Frequently Ask Questions

What can be protected as a trademark in Malaysia?

A registrable trademark is one that can include a distinctive logo or symbol, image, name, signature, word, letter, numeral or any combination thereof.

Non-Traditional Marks (NTMs) such as smells, sounds, colours, shapes, moving images, tastes and textures are now also registrable in Malaysia. Get in touch with us if you’d like to find out whether your marks are registrable in Malaysia.

No, unlike copyright and industrial design law which confers first ownership to the creator of the intellectual property, trademark law confers ownership based on a first-use basis.

In Malaysia, trademark protection can be obtained through registration or through use. In some countries, you can only establish rights in trademarks when you actually register them.

Registration is not compulsory in Malaysia to establish rights in a mark, nor is it required to begin use of a mark. An unregistered mark may still be protected under the common law action known as “passing-off”. However, it is highly advisable to register your trademark, as registration provides distinct advantages beyond the rights acquired by merely using a mark.

A trademark search allows you to check and determine whether the mark you intend to register is available for registration in Malaysia under the relevant class of goods/services. This helps ensure that there are no other possible conflicting marks in the class.

With a search, you will be able to change your brand if there is a similar brand already on the register or pending registration in Malaysia.

The registration will be valid for ten (10) years from the date of filing of the trademark.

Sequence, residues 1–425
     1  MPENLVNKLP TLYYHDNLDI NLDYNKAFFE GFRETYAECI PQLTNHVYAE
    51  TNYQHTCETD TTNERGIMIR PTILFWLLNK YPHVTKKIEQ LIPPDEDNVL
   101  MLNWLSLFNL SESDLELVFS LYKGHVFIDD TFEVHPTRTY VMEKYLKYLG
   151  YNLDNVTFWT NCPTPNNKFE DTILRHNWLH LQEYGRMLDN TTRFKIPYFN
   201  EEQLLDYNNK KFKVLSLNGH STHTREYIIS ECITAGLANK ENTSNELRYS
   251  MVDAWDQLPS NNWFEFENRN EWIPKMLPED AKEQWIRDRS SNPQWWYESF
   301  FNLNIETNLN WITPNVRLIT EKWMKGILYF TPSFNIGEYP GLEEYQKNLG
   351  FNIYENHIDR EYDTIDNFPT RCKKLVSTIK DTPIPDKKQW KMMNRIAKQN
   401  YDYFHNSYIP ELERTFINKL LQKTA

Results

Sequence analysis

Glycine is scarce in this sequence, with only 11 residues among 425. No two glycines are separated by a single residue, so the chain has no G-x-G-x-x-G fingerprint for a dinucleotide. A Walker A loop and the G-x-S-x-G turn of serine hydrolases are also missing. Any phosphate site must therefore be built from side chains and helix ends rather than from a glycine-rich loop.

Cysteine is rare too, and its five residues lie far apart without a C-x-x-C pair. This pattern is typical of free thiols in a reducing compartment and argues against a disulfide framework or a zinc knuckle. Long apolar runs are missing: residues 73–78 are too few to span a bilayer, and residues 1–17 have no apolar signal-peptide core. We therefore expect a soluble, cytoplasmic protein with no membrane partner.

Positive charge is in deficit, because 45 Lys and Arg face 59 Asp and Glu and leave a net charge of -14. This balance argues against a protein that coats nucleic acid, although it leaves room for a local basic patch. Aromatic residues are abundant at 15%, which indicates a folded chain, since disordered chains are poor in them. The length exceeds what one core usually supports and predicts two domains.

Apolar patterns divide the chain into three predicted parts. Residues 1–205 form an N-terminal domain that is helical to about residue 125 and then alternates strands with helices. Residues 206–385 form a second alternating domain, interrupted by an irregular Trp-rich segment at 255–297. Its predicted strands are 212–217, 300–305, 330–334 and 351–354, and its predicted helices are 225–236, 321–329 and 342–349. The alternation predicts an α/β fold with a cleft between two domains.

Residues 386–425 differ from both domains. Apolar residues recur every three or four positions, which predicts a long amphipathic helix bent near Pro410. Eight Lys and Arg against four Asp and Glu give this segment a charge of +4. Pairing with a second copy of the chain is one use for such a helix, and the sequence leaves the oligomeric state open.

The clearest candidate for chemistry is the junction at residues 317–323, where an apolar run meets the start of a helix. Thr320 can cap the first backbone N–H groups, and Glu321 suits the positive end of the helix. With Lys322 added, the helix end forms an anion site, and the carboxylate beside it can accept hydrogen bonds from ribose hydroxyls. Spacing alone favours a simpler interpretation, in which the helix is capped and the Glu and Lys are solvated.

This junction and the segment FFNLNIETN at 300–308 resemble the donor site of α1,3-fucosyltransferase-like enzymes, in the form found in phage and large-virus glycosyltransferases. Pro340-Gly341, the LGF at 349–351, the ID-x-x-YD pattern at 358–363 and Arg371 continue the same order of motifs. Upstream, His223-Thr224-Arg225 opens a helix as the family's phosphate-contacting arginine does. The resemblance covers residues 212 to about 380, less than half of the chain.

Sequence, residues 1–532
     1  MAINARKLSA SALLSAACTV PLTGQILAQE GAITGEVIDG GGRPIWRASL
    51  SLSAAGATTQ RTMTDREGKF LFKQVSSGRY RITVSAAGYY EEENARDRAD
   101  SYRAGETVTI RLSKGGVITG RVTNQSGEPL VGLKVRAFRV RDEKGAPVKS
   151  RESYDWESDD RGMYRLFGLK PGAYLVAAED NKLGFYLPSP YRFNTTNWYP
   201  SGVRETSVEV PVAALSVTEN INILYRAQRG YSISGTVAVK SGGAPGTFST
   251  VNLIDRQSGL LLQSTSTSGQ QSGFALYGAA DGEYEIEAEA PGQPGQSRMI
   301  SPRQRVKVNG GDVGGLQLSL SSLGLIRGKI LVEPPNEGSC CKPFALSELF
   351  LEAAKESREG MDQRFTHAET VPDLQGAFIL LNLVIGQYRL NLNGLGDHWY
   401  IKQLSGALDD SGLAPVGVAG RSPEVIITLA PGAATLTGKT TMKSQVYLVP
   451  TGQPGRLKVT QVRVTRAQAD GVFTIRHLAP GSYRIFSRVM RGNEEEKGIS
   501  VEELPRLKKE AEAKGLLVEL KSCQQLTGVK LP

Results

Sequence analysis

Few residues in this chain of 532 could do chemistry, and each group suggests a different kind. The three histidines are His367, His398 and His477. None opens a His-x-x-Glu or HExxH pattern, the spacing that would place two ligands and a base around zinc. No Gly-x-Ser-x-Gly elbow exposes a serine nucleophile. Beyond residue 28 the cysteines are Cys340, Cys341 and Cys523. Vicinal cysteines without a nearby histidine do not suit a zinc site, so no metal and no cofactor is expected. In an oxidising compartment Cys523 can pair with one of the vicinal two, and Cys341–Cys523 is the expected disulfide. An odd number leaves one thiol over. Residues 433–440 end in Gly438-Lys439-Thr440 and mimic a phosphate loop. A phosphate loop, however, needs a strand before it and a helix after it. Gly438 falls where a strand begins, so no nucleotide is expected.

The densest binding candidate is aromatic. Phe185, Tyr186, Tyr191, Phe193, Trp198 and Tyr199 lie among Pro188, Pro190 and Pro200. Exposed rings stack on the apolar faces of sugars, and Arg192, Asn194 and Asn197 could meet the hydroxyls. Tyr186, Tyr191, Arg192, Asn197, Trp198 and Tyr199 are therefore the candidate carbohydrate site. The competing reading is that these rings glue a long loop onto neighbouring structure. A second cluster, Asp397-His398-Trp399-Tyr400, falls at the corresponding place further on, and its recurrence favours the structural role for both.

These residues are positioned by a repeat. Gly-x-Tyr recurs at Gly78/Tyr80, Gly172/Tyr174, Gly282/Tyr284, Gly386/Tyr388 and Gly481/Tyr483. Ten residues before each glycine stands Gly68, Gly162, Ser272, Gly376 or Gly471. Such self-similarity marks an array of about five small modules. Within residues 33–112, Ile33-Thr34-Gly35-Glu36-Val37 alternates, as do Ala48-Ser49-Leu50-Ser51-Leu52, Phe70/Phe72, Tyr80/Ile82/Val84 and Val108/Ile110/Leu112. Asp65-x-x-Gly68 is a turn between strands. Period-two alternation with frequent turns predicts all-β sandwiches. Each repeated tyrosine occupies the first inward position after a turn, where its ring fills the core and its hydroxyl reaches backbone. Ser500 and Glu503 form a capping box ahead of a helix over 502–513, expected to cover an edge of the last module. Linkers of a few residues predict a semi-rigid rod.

Yes. The trademark registration is renewable for an extended period of ten (10) years by submitting the prescribed form and payment for renewal.

No, trademark protection is territorial in nature. If you registered your mark in Malaysia, your mark is only protected in Malaysia.

No, being a registered proprietor of a trademark means you have the exclusive right over your trademark. This would prevent any unauthorized use of your trademark by any third party. You may however choose to licence the trademark.

Nonetheless, you may seek professional advice if you believe that someone is infringing your trademark. An intellectual property expert would be the right person to give you information on the existing options in Malaysia and, presumably, also in neighboring countries to initiate action against counterfeiting and infringement and will provide you with advice on how to enforce your rights.

1. Application Form (TMA 2).

2. One clear print for a black-and-white mark; 15 prints for a colour mark.

3. A list of goods or services (which closely follow the Nice International Classification 11th Edition).

4. The full name and address of the applicant, company, country/state of incorporation.

5. For marks that contain non-English words, a certified transliteration and translation.

6. If convention priority is claimed, a certified copy of the priority application (with a certified English translation where documents are not in English).